When people ask me if they should watch The Leftovers, I usually give a qualified “yes.” It’s an amazing show, I’ll say. Well-made, thought-provoking, and occasionally — very occasionally — deeply hilarious in very surprising ways. And the performances are something else. Carrie Coon, man. That lady does some kinda business on that show. It’s almost not even a matter of interpretation. It’s almost just objectively good. So yes, watch The Leftovers, if you have the time and interest.
But then, after I get that part out of the way, I’ll say something like this: “The Leftovers is my favorite show that I kind of dread watching sometimes.” It can be heavy. Real heavy. If you are someone who gets stressed out easily by real-world events, The Leftovers is not a relaxing show you can flick on to get your mind off of things. You don’t wanna watch four Leftovers episodes after a hard day of work. You’ll want to take this show in pieces. I know because I skipped out during the first season and tried to rush to catch up earlier this year, right as some political things were happening that made my left-leaning brain go on the fritz. Bingeing this show did not help.
But, once I slowed down and watched the first few screeners of this new season at a more reasonable pace, I really enjoyed it again. Like, so much. I appreciated the deeper aspects of it, and the heavy stuff didn’t bring me way down. I think that was the key for me. So that’s my advice. Watch The Leftovers. Just do it slowly.
And this discussion about The Leftovers got us thinking… what other shows fall into this category of great shows you can only watch in small chunks? Let’s call them “unbingeable.” The Uproxx staff weighs in with their selections below.
A few days after Mad Men ended, Matt Weiner declared that if he ever sold a show to Netflix, he would insist that they release the episodes weekly. We’ll see if he can actually pull that off now that he’s developing an anthology drama for Amazon, but it’s hard not to blame him for that attitude. With Mad Men, Weiner became a master at crafting thoughtful, distinct, gorgeous episodes that stood apart from one another, even as they helped build an overall arc to each season. (It’s a trick he picked up during his time on The Sopranos, which is also a show I would not recommend bingeing.) You could watch a bunch of Mad Men episodes in a row, but why would you want to? Each hour of that show is meant to be savored, and argued about, for as long as possible before the next one starts. Race from one to the next to the next, and you might more quickly find out who Dick Whitman is (or who Bob Benson is), but you wouldn’t get to fully immerse yourself in all the symbolism and metaphor and period detail, and wouldn’t get to properly appreciate each broken look on Jon Hamm’s face, or each glimpse of barely-contained fury on Elisabeth Moss’s. Get off the riding mower and walk with Mad Men for a bit, okay? — Alan Sepinwall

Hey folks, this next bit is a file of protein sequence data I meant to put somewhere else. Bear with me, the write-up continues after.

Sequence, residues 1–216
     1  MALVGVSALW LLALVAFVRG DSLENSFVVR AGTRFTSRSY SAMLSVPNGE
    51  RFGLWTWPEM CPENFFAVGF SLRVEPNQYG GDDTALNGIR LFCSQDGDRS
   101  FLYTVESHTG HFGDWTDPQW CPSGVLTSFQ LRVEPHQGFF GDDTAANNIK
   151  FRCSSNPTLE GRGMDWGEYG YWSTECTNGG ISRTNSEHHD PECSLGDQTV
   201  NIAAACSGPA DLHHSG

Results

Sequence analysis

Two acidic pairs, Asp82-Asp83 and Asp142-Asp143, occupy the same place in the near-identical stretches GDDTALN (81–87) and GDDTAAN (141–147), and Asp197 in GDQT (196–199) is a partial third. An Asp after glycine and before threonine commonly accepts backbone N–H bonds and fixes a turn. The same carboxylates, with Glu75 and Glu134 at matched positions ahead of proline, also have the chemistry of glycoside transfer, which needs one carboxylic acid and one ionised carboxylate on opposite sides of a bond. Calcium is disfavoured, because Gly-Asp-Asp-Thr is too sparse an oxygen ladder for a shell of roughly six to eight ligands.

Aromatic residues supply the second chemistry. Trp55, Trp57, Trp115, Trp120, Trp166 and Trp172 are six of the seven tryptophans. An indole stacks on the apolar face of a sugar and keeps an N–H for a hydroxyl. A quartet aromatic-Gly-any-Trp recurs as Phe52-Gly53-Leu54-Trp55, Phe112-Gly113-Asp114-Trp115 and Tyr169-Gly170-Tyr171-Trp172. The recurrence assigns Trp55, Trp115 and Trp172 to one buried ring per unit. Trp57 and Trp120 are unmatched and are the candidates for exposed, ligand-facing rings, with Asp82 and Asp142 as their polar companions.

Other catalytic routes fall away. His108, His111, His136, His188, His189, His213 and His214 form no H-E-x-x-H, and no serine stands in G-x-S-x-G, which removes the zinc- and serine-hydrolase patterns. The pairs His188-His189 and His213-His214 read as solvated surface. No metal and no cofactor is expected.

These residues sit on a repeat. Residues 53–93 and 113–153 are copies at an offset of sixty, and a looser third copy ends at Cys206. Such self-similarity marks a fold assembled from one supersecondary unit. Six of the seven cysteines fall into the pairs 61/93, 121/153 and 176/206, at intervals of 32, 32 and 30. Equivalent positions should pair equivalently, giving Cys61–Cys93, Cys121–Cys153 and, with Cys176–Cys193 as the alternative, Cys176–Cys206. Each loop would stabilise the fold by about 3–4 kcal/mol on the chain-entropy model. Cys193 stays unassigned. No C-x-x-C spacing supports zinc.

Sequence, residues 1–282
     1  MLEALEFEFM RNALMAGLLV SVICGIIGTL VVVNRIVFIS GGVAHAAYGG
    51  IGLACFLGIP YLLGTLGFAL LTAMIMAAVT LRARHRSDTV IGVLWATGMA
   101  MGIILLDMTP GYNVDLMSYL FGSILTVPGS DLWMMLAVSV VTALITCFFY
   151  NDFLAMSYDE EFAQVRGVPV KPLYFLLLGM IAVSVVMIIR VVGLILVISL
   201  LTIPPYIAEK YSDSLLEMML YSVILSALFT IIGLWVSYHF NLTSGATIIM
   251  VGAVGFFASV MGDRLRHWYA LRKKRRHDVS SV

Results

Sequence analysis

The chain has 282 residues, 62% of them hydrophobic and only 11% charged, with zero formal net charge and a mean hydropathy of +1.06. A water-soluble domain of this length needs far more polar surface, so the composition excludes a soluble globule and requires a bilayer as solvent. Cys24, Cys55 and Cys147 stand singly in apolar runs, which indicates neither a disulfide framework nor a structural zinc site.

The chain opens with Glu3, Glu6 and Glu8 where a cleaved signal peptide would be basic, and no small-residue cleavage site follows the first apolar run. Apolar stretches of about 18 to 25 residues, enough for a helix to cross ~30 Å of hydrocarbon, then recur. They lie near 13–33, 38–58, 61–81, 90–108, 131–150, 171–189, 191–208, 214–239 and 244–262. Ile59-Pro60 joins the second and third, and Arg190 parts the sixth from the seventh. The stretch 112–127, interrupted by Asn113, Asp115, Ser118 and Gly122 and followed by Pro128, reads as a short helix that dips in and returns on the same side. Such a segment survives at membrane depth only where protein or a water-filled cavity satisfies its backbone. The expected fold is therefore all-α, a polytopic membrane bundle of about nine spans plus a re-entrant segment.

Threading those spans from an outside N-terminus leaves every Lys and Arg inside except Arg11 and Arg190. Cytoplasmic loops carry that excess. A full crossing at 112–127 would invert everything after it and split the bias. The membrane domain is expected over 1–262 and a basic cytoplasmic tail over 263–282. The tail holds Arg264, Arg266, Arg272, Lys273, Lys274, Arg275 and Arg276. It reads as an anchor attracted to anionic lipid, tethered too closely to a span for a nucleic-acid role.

Mystery Science Theater 3000
It’s not good when TV shows are considered “73-hour movies,” with one exception: Mystery Science Theater 3000. That’s because every episode of Mystery Science Theater 3000 is a movie. Have you ever watched more than two movies in a row? It’s not fun. I did a Star Wars marathon last year, and after the Jabba’s palace sequence in Return of the Jedi, which is obviously the best part of the film, I was ready to [shudder] read a book.
Certain shows aren’t meant to be binged. MST3K (which, ironically, was just resurrected by Netflix) is one of them, not only because episodes average around 90 minutes, but they’re also packed with jokes. By the time you’re finished with Gorgo, you’re so exhausted from laughing that you’re not going to fully appreciate the Canadian brilliance of The Final Sacrifice.
Zap Rowsdower deserves your undivided attention. — Josh Kurp
The Man in the High Castle
The Man in the High Castle is a thoughtful, unusual, and intense take on an alternate history where the Nazis won World War II. Spoiler alert:Things don’t go well! It’s a fascinating show and a great expansion of Phillip K. Dick’s novel, but it’s also unflinching in its depiction of government brutality and the venality of human beings, so, yeah, it’s a “small dose” kind of show. —Dan Seitz
Black Mirror is not serialized (each story has a different cast, setting, and story), so of course it has no cliffhangers or salivating story arcs for viewers to chase into the next episode. But the series does have an immensely binge-able quality. While the early stories are more cortex-shattering than the later Netflix-produced episodes, thinking about how society is “disrupting” itself off the proverbial cliff through technological “advances” never stops being fascinating.